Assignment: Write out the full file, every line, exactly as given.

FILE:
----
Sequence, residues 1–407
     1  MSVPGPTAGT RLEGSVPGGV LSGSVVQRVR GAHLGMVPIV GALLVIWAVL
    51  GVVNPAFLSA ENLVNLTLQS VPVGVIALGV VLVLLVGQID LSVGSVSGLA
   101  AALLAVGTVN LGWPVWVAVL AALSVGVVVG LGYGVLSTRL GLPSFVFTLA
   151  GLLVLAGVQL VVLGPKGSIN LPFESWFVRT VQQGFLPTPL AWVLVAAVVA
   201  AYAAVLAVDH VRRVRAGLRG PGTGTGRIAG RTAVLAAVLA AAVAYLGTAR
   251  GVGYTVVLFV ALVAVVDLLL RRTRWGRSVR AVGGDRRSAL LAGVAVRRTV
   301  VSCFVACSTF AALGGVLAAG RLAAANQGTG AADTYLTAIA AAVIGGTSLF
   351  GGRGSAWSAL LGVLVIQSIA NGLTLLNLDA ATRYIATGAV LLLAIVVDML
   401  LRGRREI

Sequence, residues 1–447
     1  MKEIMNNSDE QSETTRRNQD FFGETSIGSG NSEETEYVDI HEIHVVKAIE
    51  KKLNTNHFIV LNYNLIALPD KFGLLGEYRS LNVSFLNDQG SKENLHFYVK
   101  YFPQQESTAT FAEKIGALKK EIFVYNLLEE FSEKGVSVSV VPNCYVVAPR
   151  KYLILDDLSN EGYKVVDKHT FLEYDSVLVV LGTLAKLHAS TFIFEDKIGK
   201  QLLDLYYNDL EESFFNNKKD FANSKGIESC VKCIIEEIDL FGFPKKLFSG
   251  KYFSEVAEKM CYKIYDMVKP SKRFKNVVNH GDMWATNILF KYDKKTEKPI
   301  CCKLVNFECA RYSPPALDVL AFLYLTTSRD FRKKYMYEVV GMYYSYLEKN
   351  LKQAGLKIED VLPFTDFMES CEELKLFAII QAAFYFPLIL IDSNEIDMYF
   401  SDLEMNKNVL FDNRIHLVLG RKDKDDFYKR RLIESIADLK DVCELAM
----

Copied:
Sequence, residues 1–407
     1  MSVPGPTAGT RLEGSVPGGV LSGSVVQRVR GAHLGMVPIV GALLVIWAVL
    51  GVVNPAFLSA ENLVNLTLQS VPVGVIALGV VLVLLVGQID LSVGSVSGLA
   101  AALLAVGTVN LGWPVWVAVL AALSVGVVVG LGYGVLSTRL GLPSFVFTLA
   151  GLLVLAGVQL VVLGPKGSIN LPFESWFVRT VQQGFLPTPL AWVLVAAVVA
   201  AYAAVLAVDH VRRVRAGLRG PGTGTGRIAG RTAVLAAVLA AAVAYLGTAR
   251  GVGYTVVLFV ALVAVVDLLL RRTRWGRSVR AVGGDRRSAL LAGVAVRRTV
   301  VSCFVACSTF AALGGVLAAG RLAAANQGTG AADTYLTAIA AAVIGGTSLF
   351  GGRGSAWSAL LGVLVIQSIA NGLTLLNLDA ATRYIATGAV LLLAIVVDML
   401  LRGRREI

Sequence, residues 1–447
     1  MKEIMNNSDE QSETTRRNQD FFGETSIGSG NSEETEYVDI HEIHVVKAIE
    51  KKLNTNHFIV LNYNLIALPD KFGLLGEYRS LNVSFLNDQG SKENLHFYVK
   101  YFPQQESTAT FAEKIGALKK EIFVYNLLEE FSEKGVSVSV VPNCYVVAPR
   151  KYLILDDLSN EGYKVVDKHT FLEYDSVLVV LGTLAKLHAS TFIFEDKIGK
   201  QLLDLYYNDL EESFFNNKKD FANSKGIESC VKCIIEEIDL FGFPKKLFSG
   251  KYFSEVAEKM CYKIYDMVKP SKRFKNVVNH GDMWATNILF KYDKKTEKPI
   301  CCKLVNFECA RYSPPALDVL AFLYLTTSRD FRKKYMYEVV GMYYSYLEKN
   351  LKQAGLKIED VLPFTDFMES CEELKLFAII QAAFYFPLIL IDSNEIDMYF
   401  SDLEMNKNVL FDNRIHLVLG RKDKDDFYKR RLIESIADLK DVCELAM